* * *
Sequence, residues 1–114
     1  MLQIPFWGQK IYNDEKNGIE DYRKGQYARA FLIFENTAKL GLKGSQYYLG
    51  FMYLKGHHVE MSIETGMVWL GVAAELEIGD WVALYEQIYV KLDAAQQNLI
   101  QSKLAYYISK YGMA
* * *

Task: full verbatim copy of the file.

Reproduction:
Sequence, residues 1–114
     1  MLQIPFWGQK IYNDEKNGIE DYRKGQYARA FLIFENTAKL GLKGSQYYLG
    51  FMYLKGHHVE MSIETGMVWL GVAAELEIGD WVALYEQIYV KLDAAQQNLI
   101  QSKLAYYISK YGMA